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Power (The Essential Works of Foucault, 1954-1984, Vol. 3) Paperback – September 8, 2001


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Power (The Essential Works of Foucault, 1954-1984, Vol. 3) + Ethics: Subjectivity and Truth (Essential Works of Foucault, 1954-1984, Vol. 1) + Aesthetics, Method, and Epistemology (Essential Works of Foucault, 1954-1984, Vol. 2)
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Product Details

  • Paperback: 528 pages
  • Publisher: New Press, The; 1 edition (September 8, 2001)
  • Language: English
  • ISBN-10: 1565847091
  • ISBN-13: 978-1565847095
  • Product Dimensions: 9.5 x 6 x 1.2 inches
  • Shipping Weight: 1.6 pounds (View shipping rates and policies)
  • Average Customer Review: 5.0 out of 5 stars  See all reviews (5 customer reviews)
  • Amazon Best Sellers Rank: #127,630 in Books (See Top 100 in Books)

Editorial Reviews

Review

"A rare opportunity to see how a great and original mind produces its work as well as itself at the same time. . . . Leaves no reader untouched or unchanged." —Edward Said, The New York Times Book Review

"Ignore those who dismiss [Foucault] without having bothered to read him: You must change your life." —Talk

About the Author

Michel Foucault (1926–1984) was one of the most influential philosophers of the twentieth century. He held a chair in the history of systems of thought at the Collège de France and lectured at universities throughout the world. The New Press has published his books Aesthetics, Method, and Epistemology; Ethics; Power; The Essential Foucault; and The Chomsky-Foucault Debate (with Noam Chomsky). Foucault’s other books include Madness and Civilization, Discipline and Punish, The Order of Things, and The History of Sexuality.

James D. Faubion is a professor of anthropology at Rice University. He is the author of The Shadows and Lights of Waco and Modern Greek Lessons and the editor of Michel Foucault’s Aesthetics, Method, and Epistemology and Power, both available from The New Press.

More About the Author

One of the leading intellectuals of the twentieth century and the most prominent thinker in post-war France, Foucault's work influenced disciplines as diverse as history, sociology, philosophy, sociology and literary criticism.

Michel Foucault (1926-1984) was a French historian and philosopher associated with the structuralist and poststructuralist movements. He is often considered the most influential social theorist of the second half of the twentieth century, not only in philosophy but in a wide range of disciplines in the humanities and social sciences. Among his most notable books are Madness and Civilization, Discipline and Punish, and The History of Sexuality.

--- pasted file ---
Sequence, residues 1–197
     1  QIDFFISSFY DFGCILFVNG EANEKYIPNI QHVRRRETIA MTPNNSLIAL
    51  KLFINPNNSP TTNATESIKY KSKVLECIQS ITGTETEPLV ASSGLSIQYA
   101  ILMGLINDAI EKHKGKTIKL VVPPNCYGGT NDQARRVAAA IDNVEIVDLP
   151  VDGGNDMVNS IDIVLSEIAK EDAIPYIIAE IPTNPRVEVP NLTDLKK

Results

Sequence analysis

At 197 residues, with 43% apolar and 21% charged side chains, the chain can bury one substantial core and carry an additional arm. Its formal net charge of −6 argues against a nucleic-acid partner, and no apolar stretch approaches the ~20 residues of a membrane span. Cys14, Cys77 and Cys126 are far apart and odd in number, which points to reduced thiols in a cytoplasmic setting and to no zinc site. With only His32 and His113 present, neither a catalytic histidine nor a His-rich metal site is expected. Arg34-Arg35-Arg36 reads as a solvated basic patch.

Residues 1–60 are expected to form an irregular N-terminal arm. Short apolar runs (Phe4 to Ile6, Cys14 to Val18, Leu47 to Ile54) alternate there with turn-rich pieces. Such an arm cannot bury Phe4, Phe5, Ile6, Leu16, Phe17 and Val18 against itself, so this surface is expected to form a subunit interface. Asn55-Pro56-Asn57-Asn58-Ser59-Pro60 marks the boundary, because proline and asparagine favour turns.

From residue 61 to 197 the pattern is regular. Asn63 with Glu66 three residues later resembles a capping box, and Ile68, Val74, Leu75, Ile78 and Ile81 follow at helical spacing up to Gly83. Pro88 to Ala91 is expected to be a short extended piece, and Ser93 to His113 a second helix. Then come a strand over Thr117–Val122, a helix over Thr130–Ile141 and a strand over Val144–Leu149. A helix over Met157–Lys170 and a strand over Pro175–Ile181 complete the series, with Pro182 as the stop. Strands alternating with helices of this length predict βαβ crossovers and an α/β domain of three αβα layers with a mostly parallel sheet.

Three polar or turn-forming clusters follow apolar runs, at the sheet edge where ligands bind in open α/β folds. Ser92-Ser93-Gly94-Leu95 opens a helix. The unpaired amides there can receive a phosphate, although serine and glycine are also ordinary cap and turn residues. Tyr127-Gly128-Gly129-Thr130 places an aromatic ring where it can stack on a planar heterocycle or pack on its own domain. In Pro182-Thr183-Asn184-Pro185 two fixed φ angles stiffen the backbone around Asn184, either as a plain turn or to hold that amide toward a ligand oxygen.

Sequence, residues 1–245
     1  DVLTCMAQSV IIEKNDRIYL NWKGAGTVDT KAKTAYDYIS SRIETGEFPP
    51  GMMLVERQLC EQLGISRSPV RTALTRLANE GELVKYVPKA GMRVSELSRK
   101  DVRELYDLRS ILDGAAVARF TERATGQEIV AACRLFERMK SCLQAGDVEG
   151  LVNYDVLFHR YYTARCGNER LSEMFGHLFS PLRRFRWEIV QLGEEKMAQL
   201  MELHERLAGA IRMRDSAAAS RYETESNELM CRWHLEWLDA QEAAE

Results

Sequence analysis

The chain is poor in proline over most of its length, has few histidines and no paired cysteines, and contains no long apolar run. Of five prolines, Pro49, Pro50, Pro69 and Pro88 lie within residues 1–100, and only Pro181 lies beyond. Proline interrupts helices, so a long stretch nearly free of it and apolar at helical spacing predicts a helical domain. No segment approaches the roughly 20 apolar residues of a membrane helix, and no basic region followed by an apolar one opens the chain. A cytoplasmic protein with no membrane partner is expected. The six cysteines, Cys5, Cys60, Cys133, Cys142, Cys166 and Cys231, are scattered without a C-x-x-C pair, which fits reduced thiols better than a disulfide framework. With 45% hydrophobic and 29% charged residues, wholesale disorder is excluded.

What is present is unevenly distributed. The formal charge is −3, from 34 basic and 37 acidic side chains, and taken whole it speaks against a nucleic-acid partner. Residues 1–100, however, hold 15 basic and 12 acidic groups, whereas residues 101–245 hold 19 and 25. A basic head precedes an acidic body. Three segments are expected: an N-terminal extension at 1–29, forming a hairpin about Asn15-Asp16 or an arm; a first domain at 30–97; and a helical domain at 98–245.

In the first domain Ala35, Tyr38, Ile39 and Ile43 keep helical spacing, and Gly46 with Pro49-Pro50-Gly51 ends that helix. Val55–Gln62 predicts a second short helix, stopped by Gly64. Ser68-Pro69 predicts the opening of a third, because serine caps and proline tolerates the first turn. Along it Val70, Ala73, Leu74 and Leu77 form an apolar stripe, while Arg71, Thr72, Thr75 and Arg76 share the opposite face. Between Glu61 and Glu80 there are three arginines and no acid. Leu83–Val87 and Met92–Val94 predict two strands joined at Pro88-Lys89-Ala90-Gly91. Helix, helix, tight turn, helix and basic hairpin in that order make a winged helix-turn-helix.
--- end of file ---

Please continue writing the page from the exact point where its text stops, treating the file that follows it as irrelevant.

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Most Helpful Customer Reviews

6 of 7 people found the following review helpful By Ryan Mease on March 14, 2011
Format: Paperback Verified Purchase
I suppose this work wins big for the simple volume of material presented. The large collection of essays, lectures and interviews really digs into every little corner of Foucault's thought on power, including its slow development toward ethics. The collection also contains more than a hundred pages on Foucault's political activities. Again, the introduction is lengthy, thorough and very great at summarizing a complex system of thought.
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1 of 1 people found the following review helpful By Jujubee on May 10, 2014
Format: Paperback Verified Purchase
Read the first essay (actually a lecture given in Brazil) "Truth and Juridical Forms" and compare his thesis with the developing NSA omnipresent "surveillance". The snickering anglo-phile philosophers that so belittled Foucault must be shaken up a bit.
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Format: Paperback
Well written, talk about rationalizing and avoiding calling a spade a spade
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0 of 13 people found the following review helpful By Austin Hannigan on July 14, 2013
Format: Paperback Verified Purchase
I is loves book. it got greeeen cover n other stuffs? When I buys this it is best book i
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0 of 16 people found the following review helpful By Bruce P. Barten on April 11, 2012
Format: Paperback
It was possible for some people to tell dirty jokes when I was growing up, but the upper crust of ethical mentalities wanted to hide the women and children when ideas which would not be productive for loving relationships were revealed when some innocent mind tried to understand what a joke like:

LBJ! Pull out like your father should have!

was expressing on an emotional level as jokes became part of protests against American policy in Vietnam. Deep in this book, on considerations of subjectivity, there is a topic question:

What constitutes the specificity of power relations?

In a society in which officials react to secret circus stunt events, security is part of an instinct that tries to avoid panic. What happens "is not by nature the manifestation of consensus." Escalation to show resolve by calling on something called national honor is a perverse way to "seek the character proper to power relations in the violence that must have been its primitive form, its permanent secret, and last resort, that which in the final analysis appears as its real nature when it is forced to throw aside its mask and to show itself as it really is" when guys get sent to Vietnam and women and children think something strange is going on if anyone talks about it. Thank God for sex, so bisexuality can welcome out some other perverse incentive.
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